Kremlin-funded media and their propaganda have been reaching millions via Chinese social media app TikTok, an analysis from the Alliance for Securing Democracy (ASD) of U.S. think tank German Marshal Fund found. The ASD identified a network of 78 accounts on TikTok, linked to kremlin-funded outlets, which spread disinformation, pro-Russian propaganda, or make false and misleading claims about the invasion of Ukraine.
“The problem with social media accounts of Kremlin-affiliated media is that they are vehicles of disinformation. We know that what is circulating is false or manipulated content,” Dr. María Isabel Puerta, associate professor of Political Science and International Politics at Valencia College in Orlando, Florida, told Diálogo on May 15. “People are victims of disinformation; they [retransmit] these manipulations unintentionally.”
The ASD report analyzed the activity and interaction of these 78 accounts. Of those, 44 accounts have been maintaining consistent activity in 2023 and only 22 are labeled by TikTok as Russian state-controlled media. These 22 accounts have more than 6 million followers.
Another aspect that ASD highlights is that the Russian site RT en Español is one of the organizations with the highest reach of interactions, despite the label indicating that the content could be fake news. The TikTok account, according to ASD, has more followers than other independent Spanish-language news networks.
“The ability of Russian-controlled and tagged TikTok accounts to garner millions of views and outperform major independent media outlets indicates that the platform does very little to restrict Kremlin-funded propaganda,” said ASD report author Joseph Bodnar. “According to our analysis, some users interact more with Russian state media than with other more reputable independent media on the platform.”
Active accounts that are not tagged, but are likely linked to Russian state media, generate content that reaches large audiences. The 22 accounts within this category have more than 1.7 million followers.
“We must avoid at all costs that social networks remain an instrument of political and social destabilization. In this sense, moderation is crucial,” Puerta said. “Moderation is an aspiration in these times of information fluidity. It’s necessary to educate the public about the media and the dangers of its use as a vehicle for disinformation.”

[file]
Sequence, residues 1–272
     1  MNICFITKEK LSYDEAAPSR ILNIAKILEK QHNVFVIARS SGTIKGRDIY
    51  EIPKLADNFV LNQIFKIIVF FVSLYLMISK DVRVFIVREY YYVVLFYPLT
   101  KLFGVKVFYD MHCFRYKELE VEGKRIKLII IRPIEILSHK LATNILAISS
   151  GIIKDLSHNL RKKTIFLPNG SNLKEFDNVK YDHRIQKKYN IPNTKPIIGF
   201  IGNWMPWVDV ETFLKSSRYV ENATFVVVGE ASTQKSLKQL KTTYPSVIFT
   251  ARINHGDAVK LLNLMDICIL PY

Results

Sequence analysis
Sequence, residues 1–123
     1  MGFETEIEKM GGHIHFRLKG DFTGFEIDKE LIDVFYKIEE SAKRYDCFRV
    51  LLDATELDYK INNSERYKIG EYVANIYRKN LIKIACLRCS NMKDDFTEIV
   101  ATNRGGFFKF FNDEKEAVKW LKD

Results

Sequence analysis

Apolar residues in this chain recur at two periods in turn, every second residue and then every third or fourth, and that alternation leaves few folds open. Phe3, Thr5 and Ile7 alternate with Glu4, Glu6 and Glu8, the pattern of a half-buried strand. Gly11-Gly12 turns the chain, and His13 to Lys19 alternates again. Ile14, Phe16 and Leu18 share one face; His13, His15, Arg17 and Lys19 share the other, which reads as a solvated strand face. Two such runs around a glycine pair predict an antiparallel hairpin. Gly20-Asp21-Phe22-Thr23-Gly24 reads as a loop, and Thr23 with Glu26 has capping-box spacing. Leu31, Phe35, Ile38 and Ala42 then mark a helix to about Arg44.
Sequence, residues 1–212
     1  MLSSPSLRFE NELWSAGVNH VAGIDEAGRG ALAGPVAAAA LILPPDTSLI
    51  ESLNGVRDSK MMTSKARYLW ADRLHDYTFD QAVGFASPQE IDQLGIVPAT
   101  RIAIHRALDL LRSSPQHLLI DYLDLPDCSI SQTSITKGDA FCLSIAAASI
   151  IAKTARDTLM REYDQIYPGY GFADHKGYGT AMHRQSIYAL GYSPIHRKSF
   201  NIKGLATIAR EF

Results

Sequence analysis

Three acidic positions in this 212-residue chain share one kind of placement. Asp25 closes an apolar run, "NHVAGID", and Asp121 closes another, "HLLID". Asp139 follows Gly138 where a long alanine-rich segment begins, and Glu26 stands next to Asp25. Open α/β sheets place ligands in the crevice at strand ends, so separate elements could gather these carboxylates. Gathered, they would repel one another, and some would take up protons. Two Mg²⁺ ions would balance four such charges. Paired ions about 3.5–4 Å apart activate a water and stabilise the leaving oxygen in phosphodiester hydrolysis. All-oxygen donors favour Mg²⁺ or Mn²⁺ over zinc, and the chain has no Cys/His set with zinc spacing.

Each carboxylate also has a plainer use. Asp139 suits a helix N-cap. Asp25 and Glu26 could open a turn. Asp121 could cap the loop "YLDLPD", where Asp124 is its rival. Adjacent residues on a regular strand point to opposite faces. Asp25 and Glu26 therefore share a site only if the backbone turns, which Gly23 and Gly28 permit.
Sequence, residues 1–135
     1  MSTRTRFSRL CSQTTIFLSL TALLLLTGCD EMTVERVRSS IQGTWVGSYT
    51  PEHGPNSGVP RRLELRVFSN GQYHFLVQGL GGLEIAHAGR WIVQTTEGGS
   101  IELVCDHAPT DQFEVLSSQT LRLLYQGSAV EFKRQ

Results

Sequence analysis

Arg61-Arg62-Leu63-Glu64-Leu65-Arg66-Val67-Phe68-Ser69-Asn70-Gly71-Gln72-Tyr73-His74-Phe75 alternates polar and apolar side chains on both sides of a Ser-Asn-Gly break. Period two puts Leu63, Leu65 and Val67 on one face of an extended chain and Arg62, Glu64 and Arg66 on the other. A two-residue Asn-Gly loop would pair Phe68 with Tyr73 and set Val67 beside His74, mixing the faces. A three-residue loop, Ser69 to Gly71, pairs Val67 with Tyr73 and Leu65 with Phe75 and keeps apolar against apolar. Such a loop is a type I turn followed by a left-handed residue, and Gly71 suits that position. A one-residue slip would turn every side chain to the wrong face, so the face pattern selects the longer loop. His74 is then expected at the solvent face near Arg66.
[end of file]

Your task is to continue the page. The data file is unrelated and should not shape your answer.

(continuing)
In its analysis, ASD found 13 unlabeled country-specific Sputnik accounts. In some cases, some of these accounts were duplicated after one was labeled as state media. This is a common occurrence on other social networks with specific Kremlin-controlled media outlets.
“RT en Español’s program Ahí les Va shows how desperate Russian propagandists are to be on major social networks,” Bodnar said via Twitter. “Ahí les Va has had a YouTube channel and has been deleted half a dozen times. They started a new one last month. Their Instagram account was tagged, and they started a new one.”
“Chinese interests are behind TikTok, however much they want to distance themselves from the regime. The Chinese scheme is interested in fomenting discord; just look at pro-state news agencies,” Puerta said. “Their strategy is to destabilize through persuasion, deepening antagonisms, and sowing distrust in liberal democracy.”
Other active accounts that are also reaching large audiences are those tied to Russian state-backed media, such as editors or hosts of Kremlin-funded programs, who use TikTok to share state news. While those accounts might not fall under TikTok labeling policy, other social media have labeled them, ASD indicated.
The findings suggest that TikTok has little interest in detecting and publicizing accounts containing false or distorted information, whether official or private. “If the Chinese-owned platform wants to convince the world that it is not a tool for autocrats, tagging and reducing the visibility of Russian propaganda is a very simple way to start,” Bodnar concluded.